To accomplish whole process of the migration in smooth and success, it is essential to get enough support from the business environments which provide practical means for the realization of migration. Business environments should be built with contributions from all players who involved in the telecommunication businesses whether as providers and/or consumers in services, networks and contents.
Following Figure 26 illustrates more detailed scope of business environments showing relationship with other considerations. It may possible to look at business environments with following four different areas:
System Business environments: to know the domestic capability to develop and provide relevant systems into the market is the most important objective on this subject and this study also identify the relationships with/to foreign supports;
Network Business environments: this is the most crucial point to know the exact situation of business based on legacy telecommunication infrastructure including future plans for each networks (or network providers);
Service Business environments: this study provides the current status of legacy telecommunication services and helpful to know positions (or importance) of each service in the overall telecommunication services in the country which will guide for the future directions;
Contents Business environments: this identifies the status of contents related productions including consumptions and this will impact also choose a specific scenario for the migration.
Figure 26 – Scope of Business considerations
10Choose the scenario
After having all study and considerations, specific scenarios should be chosen. This section introduces what scenario should be used in what situation, especially applying for developing country.
The Overlay Scenario will be useful in the case of country or operator who have well stable or new PSTN/ISDN infrastructure. In this case, it is hard to justify replace all PSTN/ISDN equipment to NGN because this legacy infrastructure could not yet return value to compensate all their investment. And the status of infrastructure is quite good stage and will use next several years without any serious amount of operation, administration and maintenance including fault management.
Through this scenario, operator will be gradually preparing enough resources for the next investment while keeping their customers in a good situation. In addition to this, operator will also meet users’ requirements which use advanced capabilities through newly deployed NGN. According to the increasing of users who wish to use advanced capabilities, then operator will expand the coverage of NGN and consequently will decrease customers in legacy networks. Finally someday will fully deployed of NGN and cover all users. In this case, NGN users will communicate with PSTN/ISDN users using their simulation but through interworking between NGN and PSTN/ISDN networks.
This scenario will be useful in the case of country or operator who does not have enough PSTN/ISDN infrastructures, where there is already lack of connectivity to support voice services. In this case, it is hard to continue the deployment of PSTN/ISDN equipments because this will also need new investment while investment for NGN will be also necessary. But in this case, current users even using PSTN/ISDN will be continuously supported without any change of their terminal if possible.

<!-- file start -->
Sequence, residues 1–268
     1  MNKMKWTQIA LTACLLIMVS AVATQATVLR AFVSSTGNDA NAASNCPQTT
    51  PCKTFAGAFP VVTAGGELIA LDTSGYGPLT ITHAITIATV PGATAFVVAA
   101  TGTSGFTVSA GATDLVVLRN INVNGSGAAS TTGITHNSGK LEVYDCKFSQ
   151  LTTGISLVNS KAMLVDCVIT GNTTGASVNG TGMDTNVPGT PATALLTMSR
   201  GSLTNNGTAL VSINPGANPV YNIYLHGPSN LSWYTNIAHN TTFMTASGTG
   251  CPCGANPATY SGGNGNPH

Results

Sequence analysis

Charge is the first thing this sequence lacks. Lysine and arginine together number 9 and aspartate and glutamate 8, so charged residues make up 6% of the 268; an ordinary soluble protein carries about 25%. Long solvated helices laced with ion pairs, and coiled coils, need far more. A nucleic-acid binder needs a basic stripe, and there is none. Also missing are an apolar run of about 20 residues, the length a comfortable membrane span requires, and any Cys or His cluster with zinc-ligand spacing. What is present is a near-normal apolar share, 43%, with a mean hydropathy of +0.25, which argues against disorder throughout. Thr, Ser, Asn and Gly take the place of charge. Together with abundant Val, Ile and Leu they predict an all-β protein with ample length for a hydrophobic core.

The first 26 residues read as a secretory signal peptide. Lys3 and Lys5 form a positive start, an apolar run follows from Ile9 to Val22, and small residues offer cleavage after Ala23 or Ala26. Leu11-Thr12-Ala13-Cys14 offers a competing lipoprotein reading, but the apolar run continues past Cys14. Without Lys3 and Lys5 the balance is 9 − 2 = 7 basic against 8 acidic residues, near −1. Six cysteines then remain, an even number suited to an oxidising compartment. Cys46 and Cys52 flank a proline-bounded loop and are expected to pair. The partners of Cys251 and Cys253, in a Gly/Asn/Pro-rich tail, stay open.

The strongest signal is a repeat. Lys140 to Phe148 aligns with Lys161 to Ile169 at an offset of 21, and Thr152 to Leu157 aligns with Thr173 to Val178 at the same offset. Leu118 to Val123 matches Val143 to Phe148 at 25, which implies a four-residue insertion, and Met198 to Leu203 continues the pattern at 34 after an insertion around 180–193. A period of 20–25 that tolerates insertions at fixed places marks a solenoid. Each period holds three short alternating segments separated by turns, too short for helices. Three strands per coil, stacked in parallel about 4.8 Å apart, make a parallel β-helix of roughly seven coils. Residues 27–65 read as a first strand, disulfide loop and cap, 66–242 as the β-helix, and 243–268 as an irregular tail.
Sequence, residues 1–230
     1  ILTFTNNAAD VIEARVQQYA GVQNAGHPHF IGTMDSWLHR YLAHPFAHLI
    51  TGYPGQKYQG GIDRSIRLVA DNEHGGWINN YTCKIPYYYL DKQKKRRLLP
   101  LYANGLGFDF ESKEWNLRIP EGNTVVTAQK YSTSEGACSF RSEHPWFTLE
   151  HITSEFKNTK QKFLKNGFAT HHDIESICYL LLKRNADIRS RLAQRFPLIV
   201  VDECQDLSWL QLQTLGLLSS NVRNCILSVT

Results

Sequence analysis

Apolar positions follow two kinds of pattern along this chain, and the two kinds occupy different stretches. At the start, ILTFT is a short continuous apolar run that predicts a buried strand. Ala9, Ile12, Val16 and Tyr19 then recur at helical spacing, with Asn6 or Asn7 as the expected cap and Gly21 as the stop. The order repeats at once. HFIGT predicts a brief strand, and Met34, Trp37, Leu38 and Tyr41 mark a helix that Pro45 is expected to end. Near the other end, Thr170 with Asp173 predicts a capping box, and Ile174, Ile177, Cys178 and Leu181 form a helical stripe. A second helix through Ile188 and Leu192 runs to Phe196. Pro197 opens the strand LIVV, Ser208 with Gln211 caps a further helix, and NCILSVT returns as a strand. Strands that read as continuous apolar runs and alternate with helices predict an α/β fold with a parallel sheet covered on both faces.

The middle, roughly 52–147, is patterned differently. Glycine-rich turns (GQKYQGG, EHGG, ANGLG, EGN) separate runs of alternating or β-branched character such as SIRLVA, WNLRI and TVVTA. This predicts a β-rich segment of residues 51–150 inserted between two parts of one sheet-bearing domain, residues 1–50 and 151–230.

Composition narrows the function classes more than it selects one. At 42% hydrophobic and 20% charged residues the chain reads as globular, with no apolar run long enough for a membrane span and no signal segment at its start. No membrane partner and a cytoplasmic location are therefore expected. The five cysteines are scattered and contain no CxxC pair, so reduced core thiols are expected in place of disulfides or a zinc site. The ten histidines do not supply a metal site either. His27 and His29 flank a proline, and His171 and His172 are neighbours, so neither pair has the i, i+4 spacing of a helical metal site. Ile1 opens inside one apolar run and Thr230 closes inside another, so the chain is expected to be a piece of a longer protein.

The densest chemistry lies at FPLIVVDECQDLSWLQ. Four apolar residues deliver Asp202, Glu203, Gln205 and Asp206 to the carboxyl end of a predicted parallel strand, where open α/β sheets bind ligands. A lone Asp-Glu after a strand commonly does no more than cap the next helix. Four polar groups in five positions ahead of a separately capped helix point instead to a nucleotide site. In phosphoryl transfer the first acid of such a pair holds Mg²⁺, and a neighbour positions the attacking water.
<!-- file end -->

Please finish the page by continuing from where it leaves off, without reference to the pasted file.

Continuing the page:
Through this scenario, operator will stop their deployment of PSTN/ISDN but replaced investment to NGN. Then operator will provide ADF (Adaptation Function) to the current PSTN/ISDN users to provide continuous usage of voice services which means expansion of NGN emulation capabilities. And according to the increasing of users who wish to use advanced capabilities, then operator will expand the coverage of NGN and consequently will decrease customers who using emulation services. Finally someday all users will be fully covered by NGN capabilities.
This scenario will be useful for some parts of PSTN/ISDN need to be replaced but other parts of PSTN/ISDN are still in good stage. In this case, operator should keep PSTN/ISDN networks with relevant customers until the time of returning their investment or the status of PSTN/ISDN will request serious amount of operation, administration and maintenance including fault management which means time to replacement. In other direction, operator will start to deploy NGN infrastructure replacing other parts of PSTN/ISDN which reach to time to replacement.
Through this scenario, operator will be gradually preparing enough resources for the next new investment while keeping their customers in PSTN/ISDN situation. In addition to this, operator will also meet users’ requirements which use advanced capabilities through newly deployed NGN. According to the increasing number of users who wish to use advanced capabilities, operator will expand the coverage of NGN and consequently will decrease the number of customers in legacy networks. The final solution will be to fully deploy of NGN for covering all users.